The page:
Best of the Web (“Hall of Fame”)
Lorettas Shirley Temple Dolls
Steve McQueen Film Poster Site
Steven Hill's Movie Title Screens Page
Vintage Dolls of the 50s
Kaylees Korner of Collectible Dolls
Museum of Childhood
Warner Bros. Title Card Gallery
Steves Disney Collection
Clubs & Associations
Other Great Reference Sites
Most watched eBay auctions
Recent News: Shirley Temple Dolls
Source: Google News
A family-friendly North Fork day tripNewsday, August 31st
I decided it was time to bring my vintage Shirley Temple doll for a visit. In addition, my granddaughter Amanda brought her ... I let my younger sister, who really didn't like dolls, play with Shirley. Years later, I discovered that the doll lost her...Read more
Barbie meets Shirley Temple at Florence doll shopSCNow, August 30th
Twelve members make up the Pee Dee Doll Club, and with this year being the pearl anniversary, members displayed their favorite dolls, all draped in pearls. A tribute was also made to Shirley Temple, who died earlier in the year. Attendees at the doll...Read more
Here There Be Ligers: An Oral History of 'Napoleon Dynamite'Rolling Stone Australia, August 28th
What a difference a year makes. In 2003, Jared Hess, Jerusha Hess, and Jon Heder — students at Brigham Young University's film school — were just another trio of independent filmmakers working the festival circuit in Park City. Their short film...Read more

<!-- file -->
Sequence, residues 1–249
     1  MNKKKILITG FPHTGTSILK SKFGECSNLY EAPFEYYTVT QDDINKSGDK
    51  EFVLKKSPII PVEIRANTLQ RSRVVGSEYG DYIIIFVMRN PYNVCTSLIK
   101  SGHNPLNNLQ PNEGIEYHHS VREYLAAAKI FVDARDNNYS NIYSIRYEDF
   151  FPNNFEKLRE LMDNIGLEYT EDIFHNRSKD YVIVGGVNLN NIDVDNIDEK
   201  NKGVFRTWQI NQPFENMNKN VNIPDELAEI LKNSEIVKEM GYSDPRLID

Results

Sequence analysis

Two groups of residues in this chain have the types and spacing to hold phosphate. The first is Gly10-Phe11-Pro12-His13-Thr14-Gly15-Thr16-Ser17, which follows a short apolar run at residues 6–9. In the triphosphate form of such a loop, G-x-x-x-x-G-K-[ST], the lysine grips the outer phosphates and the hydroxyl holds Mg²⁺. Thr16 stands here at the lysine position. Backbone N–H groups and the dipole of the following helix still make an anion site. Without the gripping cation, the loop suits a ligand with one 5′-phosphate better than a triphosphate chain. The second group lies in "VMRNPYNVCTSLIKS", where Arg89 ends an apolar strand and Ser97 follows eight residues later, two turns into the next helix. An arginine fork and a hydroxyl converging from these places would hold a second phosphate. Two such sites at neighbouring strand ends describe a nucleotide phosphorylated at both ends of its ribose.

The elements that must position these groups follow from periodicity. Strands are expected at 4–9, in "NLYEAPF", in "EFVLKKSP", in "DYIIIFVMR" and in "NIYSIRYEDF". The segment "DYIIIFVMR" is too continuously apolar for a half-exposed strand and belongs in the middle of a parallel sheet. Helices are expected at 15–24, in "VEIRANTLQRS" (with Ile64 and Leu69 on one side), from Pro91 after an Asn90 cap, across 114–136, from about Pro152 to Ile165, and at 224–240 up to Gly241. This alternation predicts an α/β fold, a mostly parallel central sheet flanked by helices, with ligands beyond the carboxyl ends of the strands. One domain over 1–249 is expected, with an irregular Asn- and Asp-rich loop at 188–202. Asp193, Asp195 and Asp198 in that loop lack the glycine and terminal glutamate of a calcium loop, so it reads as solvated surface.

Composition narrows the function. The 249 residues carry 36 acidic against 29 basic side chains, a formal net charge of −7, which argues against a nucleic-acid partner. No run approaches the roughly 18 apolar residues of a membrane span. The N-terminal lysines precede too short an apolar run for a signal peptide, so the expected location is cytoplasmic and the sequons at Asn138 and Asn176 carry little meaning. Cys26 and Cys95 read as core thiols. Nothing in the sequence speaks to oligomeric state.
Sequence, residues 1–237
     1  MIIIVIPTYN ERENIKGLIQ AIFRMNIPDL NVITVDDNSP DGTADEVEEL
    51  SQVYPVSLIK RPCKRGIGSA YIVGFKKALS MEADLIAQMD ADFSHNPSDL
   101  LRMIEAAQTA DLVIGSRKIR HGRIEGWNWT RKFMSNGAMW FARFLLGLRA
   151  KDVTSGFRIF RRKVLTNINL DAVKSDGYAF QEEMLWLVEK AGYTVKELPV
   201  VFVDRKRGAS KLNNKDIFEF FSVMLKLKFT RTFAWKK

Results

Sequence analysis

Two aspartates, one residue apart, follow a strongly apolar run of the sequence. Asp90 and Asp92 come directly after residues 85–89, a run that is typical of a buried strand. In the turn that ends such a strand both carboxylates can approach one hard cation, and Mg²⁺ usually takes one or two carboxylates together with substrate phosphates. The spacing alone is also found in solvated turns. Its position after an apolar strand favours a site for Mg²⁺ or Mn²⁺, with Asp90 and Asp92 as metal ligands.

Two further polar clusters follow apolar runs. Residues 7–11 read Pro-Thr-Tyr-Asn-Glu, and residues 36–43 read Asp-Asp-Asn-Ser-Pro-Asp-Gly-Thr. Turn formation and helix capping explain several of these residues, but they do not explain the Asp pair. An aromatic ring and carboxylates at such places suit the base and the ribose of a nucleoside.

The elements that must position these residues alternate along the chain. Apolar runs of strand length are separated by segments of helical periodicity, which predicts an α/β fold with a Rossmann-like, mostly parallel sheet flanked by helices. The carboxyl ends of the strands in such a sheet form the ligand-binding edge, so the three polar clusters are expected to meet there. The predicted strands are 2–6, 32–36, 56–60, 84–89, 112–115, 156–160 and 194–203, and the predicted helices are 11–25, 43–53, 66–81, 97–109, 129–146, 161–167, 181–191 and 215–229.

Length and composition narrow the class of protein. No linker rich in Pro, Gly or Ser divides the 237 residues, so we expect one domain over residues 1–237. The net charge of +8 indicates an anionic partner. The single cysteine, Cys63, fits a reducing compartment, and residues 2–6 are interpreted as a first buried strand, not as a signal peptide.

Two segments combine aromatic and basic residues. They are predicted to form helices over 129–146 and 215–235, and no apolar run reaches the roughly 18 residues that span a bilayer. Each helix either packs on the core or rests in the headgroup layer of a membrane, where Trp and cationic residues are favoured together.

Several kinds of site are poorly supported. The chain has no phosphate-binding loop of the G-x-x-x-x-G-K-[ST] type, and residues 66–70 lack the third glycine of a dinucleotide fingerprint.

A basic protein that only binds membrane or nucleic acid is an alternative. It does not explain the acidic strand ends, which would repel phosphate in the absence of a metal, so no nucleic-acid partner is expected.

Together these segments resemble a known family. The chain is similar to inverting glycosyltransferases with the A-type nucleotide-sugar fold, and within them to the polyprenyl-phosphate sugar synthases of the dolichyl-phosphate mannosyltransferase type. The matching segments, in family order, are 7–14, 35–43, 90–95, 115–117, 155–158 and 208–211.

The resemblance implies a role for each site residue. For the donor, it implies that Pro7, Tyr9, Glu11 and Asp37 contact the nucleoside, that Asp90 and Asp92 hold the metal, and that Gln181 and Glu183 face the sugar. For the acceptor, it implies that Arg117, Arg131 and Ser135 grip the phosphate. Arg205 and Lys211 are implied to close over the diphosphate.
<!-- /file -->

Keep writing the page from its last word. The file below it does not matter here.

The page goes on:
Photos: City celeberates Lodi Founders DayLodi News-Sentinel, August 23rd
Barbara Kettner plays “America the Beautiful” on an electric piano while the crowd sings during the Founders Day celebration at Eagle Hall in Lodi on Friday, Aug. 22, 2014. The Founders Day Celebration, hosted by the Lodi Historical Society, kicked off...Read more
Brimfield antiques market on the declineBoston Globe, August 22nd
“The problem,” he says, “is that Shirley Temple is worthless, nobody knows who Howdy Doody is, and no one cares about the Lone Ranger. ... The nearby pastures full of reproductions, Barbie dolls from the 1990s, and used Coldplay CDs grate on her...Read more
Parents plan fundraiser in honor of their daughterFremont Tribune, August 21st
Katie's favorite color was pink. She loved Barbie dolls and cats and was so excited about school. The 5-year-old Fremont ... The little girl had dark hair which fell in ringlets like actress Shirley Temple's. She knew how to write her name and was...Read more
Burton Antiques MarketMaine Antique Digest, August 15th
Smaller items were quite prevalent at Burton and ran the gamut of glass, grenades, and golf clubs to stoneware, steel cabinets, and Shirley Temple. ... Sandra Belko of Syracuse, New York, arranged her booth into small vignettes, one of which featured...Read more
Antique toy exhibit hosted by Otisfield associationLewiston Sun Journal, August 14th
Among those items are a number of first-year-issue items, such as a 1963 Easy Bake Oven, a 1949 Clue game, tin trucks from the early part of the century and lovely and unusual dolls of every description, she said. "I have a Shirley Temple doll...Read more